If you ever need an example of what it means to gild a lily, look no further than the Beauty and the Beast remake that’s out in theaters this week. The live action adaptation of the 1991 Best Picture nominated film is another in Disney’s quest to make money find new audiences with their IP. What we get is an averagely sung, overly designed rehash of the previous film.

It might seem weird for a movie with talking furniture, but Beauty and the Beast is a movie that could have used a bit of restraint. Yes, this is based on an animated tale, but just because you are given a massive budget, you don’t have to be overly opulent. Bill Condon is a good director, but he seems lost here, giving us dizzying camerawork and when it’s not making you damn near sick, pointing it at overly designed or poorly designed objects. I was never able to suspend my disbelief regarding the Beast, the effects on that character were so poor that in singular close ups I was trying to convince myself that he might not have looked that bad. Their quest to make everything so grand and live action-y hinders the musical’s best known numbers, “Be Our Guest” and “Beauty and the Beast.”

Design issues aside, one of the challenges the film has is that in 2017, the central “love story” just does not work. This isn’t to say that Beauty and the Beast doesn’t do its darnedest to sell it, and for the first 45 minutes of the film I thought they had done enough that I might be able to look past this just being “Stockholm Syndrome: The Movie,” but then the movie doubles down on needing these characters to fall in love, rather than working towards it. If you remember the original film, their relationship starts for the flimsiest of reasons and you’re never given much more reason to care for them aside from knowing you’re supposed to care for them. Much of this is due to Belle being his prisoner (something the movie should have called out more) and the other being the acting. I just don’t think there was enough there between Emma Watson and the horribly CGI’d Dan Stevens to really push that they were falling in love that wasn’t reliant on the nostalgia of the original film. The movie tries to make up for this by introducing more backstory, that’s both extended and unnecessary (Belle) or curt and unnecessary (Beast). Beast’s backstory, in particular, did nothing to endear him to me and I’m bout tired of art trying to make excuses for why we should root for terrible people to be in relationships simply because their parents treated them poorly. This does not excuse their current actions.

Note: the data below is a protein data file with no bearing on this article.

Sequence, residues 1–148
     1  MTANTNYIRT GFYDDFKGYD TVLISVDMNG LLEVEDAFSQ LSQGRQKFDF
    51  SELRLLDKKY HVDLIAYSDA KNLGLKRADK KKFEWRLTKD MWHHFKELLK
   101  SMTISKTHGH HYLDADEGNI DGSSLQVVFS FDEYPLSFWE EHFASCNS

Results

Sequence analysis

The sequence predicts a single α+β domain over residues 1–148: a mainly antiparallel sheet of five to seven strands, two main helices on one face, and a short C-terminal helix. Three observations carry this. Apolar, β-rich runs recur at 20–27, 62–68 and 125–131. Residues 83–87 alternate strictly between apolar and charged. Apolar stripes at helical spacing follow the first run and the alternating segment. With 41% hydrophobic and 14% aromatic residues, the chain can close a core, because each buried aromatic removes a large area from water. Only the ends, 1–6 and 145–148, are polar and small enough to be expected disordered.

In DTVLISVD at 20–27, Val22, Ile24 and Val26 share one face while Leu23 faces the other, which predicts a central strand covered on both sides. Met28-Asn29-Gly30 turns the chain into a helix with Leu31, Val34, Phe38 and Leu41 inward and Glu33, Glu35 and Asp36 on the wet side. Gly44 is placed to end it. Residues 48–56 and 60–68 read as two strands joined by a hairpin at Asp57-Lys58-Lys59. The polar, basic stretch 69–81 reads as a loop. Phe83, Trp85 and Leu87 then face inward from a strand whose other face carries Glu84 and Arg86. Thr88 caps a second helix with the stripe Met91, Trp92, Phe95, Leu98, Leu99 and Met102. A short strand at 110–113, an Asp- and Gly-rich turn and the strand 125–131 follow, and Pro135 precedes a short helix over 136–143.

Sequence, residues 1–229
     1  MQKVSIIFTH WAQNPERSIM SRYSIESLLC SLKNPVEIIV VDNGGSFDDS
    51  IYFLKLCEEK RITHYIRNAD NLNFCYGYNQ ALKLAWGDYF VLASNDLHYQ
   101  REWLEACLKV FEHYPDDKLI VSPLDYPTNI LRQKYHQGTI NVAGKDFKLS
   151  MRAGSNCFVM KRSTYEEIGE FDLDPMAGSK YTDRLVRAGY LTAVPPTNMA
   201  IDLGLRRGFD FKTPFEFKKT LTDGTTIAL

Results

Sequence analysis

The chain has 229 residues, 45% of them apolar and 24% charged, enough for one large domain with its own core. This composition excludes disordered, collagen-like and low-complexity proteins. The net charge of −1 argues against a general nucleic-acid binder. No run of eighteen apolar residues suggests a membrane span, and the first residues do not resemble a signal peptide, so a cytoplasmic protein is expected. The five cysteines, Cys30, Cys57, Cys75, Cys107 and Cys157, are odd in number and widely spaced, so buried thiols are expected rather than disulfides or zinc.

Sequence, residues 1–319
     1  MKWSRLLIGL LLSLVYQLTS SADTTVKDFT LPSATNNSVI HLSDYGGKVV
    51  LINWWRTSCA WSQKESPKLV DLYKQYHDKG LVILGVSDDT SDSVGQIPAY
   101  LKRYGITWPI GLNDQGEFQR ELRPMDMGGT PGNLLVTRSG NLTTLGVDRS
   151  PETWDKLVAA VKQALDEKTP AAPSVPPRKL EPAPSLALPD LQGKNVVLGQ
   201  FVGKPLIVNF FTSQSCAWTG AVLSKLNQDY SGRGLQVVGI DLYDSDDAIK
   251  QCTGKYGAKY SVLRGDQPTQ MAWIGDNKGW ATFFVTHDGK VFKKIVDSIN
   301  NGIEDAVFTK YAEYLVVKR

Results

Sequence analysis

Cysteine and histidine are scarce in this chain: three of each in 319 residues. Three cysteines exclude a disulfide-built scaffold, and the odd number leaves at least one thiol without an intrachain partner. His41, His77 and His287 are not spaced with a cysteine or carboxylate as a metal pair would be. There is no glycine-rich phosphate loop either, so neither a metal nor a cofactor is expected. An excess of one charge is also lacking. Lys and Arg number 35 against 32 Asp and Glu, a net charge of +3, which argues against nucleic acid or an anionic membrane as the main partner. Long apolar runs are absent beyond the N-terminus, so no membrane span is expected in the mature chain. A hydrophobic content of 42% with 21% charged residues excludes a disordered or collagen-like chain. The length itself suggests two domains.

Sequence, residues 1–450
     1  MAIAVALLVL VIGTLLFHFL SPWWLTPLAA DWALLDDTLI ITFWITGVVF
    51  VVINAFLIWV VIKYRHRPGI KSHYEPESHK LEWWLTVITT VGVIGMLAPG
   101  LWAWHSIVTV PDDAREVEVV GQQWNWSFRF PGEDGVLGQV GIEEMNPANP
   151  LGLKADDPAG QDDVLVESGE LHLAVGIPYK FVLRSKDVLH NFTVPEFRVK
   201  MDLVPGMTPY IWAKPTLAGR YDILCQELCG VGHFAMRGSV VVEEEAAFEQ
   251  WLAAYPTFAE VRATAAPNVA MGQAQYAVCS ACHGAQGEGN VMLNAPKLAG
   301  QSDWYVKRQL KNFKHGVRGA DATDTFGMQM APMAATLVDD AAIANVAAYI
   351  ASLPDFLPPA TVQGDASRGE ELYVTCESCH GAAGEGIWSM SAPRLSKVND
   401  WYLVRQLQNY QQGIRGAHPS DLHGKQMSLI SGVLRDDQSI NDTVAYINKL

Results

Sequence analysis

Additionally, the new songs added to the picture are a completely mixed bag. “Days in the Sun” is a beautiful song and moment (made me wish Audra McDonald was playing Belle because her voice is just magnificent). However, the other two are not great. “Evermore” is particularly awful, coming at a point in the film where the movie finally allowed something to breathe, undercutting that hard earned peace and throwing Dan Stevens’ mediocre voice at us. I say this next as someone who is a humongous fans of musicals, but when the Beast started singing, in that moment I understood why people don’t like musicals; it was so over the top and unnecessary. This production would have been much better served using “If I Can’t Love Her” from the stage show or nothing at all. It was too bad, because when Belle inevitably has to go back to town and save her father, the movie comes into sharp focus, allowing for us to see the Beast’s necessary growth and pain at perhaps dooming himself to the curse.

It’s not all poor, though. Luke Evans (Gaston) and Josh Gad (Le Fou) are the clear standouts in the ensemble. The much publicized character change to Le Fou amounts to little, but does provide more fun to his interactions if you know what the change is. Just don’t expect much from the ending. Evans is the true surprise here. I railed on his casting very recently and was glad to be in the wrong as his self absorbed take on Gatson and lovely singing voice provide the movie with some gusto. Too bad the rest of the proceedings are threatening to drown each other out.

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